What is CoSHH?
Estimated reading time: 3 minutes
CoSHH is a health and safety Regulation which was first introduced in 1988 with updates in 1994, 1999 and 2002. CoSHH stands for Control of Substances Hazardous to Health. The current Legislation is the Control of Substances Hazardous to Health Regulations 2002.
The CoSHH Regulations set down the legally required duties that an employer or someone who could expose others to hazardous chemicals must carry out to assess the risk and control it robustly. In this article we will take a quick look at what hazardous substances are as defined by CoSHH and where CoSHH applies.
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Where does CoSHH apply?
CoSHH applies to any employer whose employees work with chemicals and other substances which are potentially hazardous to their health, this includes those who are self-employed, but employ others.
There are cases where someone might be self-employed and employ no-one else. In this case CoSHH applies if that person takes hazardous chemicals into someone else’s premises where there are other people who could be exposed to the hazardous chemicals being taken into those premises.
What is a Hazardous Chemical?
This is pretty complex when written in legal jargon, but as far as CoSHH is concerned any substance, no matter what form it takes, that if it is inhaled, ingested, comes into contact with the skin or is absorbed through the skin can cause harm. This includes the following definitions:
- Any material that under the CLP Regulation is classified as: Very Toxic, Toxic, harmful, corrosive or irritant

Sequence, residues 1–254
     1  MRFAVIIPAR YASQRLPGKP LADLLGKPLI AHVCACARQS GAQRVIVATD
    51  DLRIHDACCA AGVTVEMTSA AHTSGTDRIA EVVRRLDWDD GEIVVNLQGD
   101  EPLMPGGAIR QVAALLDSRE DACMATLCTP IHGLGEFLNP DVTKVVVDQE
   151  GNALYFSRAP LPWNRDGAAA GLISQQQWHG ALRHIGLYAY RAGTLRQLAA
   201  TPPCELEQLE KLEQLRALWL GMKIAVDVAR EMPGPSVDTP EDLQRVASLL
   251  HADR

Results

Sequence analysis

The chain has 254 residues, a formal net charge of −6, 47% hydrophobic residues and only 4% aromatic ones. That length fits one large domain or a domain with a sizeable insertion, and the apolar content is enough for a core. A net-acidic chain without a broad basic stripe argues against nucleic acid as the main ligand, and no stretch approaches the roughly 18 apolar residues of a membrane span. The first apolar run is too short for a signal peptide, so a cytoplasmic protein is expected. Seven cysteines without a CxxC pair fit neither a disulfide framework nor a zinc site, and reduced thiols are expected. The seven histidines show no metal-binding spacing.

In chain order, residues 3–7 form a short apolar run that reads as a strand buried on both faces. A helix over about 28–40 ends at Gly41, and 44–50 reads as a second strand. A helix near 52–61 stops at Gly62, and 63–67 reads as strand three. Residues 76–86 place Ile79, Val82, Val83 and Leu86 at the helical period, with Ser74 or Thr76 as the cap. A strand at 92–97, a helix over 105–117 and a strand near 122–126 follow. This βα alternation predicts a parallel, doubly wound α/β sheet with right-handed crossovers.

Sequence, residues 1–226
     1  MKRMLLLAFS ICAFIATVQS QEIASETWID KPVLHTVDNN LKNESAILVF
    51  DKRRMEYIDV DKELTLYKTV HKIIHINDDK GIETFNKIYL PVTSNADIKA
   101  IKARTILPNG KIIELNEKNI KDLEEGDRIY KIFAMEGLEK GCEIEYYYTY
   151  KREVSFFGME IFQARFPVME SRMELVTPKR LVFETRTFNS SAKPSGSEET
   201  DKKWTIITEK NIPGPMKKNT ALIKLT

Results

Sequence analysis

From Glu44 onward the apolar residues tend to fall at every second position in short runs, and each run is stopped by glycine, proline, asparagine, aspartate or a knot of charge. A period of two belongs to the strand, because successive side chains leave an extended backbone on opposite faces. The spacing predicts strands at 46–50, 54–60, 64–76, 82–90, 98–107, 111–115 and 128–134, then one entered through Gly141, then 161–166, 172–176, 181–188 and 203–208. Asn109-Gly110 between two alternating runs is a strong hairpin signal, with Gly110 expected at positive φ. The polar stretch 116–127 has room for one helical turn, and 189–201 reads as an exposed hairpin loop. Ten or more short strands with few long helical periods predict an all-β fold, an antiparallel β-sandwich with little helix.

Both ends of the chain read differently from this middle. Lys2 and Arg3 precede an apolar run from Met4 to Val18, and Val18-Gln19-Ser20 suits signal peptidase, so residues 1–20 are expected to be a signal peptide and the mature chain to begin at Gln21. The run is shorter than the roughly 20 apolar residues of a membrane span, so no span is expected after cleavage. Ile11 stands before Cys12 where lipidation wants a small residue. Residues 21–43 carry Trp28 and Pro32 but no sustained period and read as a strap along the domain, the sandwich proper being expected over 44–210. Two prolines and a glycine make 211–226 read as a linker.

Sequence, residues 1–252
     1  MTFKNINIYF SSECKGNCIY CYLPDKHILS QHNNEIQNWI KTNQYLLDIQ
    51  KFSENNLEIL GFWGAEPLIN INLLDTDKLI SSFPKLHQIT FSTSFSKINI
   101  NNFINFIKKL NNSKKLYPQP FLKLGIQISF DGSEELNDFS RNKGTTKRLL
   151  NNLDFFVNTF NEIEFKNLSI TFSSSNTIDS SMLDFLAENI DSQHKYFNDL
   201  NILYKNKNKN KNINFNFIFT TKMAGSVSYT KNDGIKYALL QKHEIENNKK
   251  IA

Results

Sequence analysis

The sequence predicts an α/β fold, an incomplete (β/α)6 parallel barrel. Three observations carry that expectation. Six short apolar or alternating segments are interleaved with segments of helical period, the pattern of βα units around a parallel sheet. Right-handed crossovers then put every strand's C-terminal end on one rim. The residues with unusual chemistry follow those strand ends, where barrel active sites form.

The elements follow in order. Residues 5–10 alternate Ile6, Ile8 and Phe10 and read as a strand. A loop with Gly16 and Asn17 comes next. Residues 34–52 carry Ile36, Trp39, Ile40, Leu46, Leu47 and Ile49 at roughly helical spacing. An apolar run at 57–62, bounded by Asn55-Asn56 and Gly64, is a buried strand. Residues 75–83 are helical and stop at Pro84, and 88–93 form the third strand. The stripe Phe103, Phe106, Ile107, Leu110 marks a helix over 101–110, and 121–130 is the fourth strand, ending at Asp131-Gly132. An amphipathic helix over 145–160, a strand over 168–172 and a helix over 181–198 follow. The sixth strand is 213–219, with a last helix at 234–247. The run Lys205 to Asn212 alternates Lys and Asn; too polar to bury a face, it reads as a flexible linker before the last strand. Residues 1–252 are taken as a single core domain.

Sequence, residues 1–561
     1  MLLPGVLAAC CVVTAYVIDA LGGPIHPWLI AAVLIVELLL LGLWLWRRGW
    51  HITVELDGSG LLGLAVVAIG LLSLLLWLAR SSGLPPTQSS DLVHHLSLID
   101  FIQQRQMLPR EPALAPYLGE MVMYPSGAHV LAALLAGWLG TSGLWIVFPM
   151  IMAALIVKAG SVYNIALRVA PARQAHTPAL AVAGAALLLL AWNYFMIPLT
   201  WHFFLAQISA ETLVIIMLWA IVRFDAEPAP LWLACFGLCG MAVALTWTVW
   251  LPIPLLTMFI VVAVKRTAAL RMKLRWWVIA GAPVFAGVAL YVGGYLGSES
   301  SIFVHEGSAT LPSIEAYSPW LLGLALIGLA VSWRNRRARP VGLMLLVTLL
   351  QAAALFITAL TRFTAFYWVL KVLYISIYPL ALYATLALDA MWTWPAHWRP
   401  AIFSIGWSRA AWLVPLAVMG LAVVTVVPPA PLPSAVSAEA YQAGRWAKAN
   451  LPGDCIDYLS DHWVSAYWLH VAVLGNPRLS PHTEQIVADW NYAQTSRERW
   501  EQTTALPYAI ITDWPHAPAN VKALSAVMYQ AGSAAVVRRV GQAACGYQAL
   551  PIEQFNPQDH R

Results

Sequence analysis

- Any material for which the Health and Safety executive have approved a workplace exposure limit
- A biological agent
- Any inhalable dust (particle size <100 micrometres) in concentrations of equal to or greater than 10mg/m3 over an 8 hour time weighted average
- Any respirable dust (particle size < 10 micrometres) in concentrations of equal to or greater than 4mg/m3 over an 8 hour time weighted average
What forms can Hazardous chemicals take?
According to the Health and Safety Executive hazardous chemicals can come in any of the following forms:
- products containing chemicals
- gases and asphyxiating gases and
- biological agents (germs). If the packaging has any of the hazard symbols, then it is classed as a hazardous substance.
- germs that cause diseases such as leptospirosis or legionnaires disease and germs used in laboratories.
What is not covered under CoSHH?
Because there is specific legislation for them, the following hazardous materials are not covered by CoSHH:
- Radioactive substances
Compliance with the CoSHH Regulations is not voluntary; the Regulations are a legal requirement and must be complied with at all times. Any failure to comply could lead to prosecution and fines by the HSE.
At Chris Garland Training we have an accredited level 2 e-learning course which presents the principles of Control of Substances Hazardous to Health. Learn in your own time and at your own pace with this online course. For this or any other health and safety training requirements, why not contact us a call and we will be happy to help you in any way we can.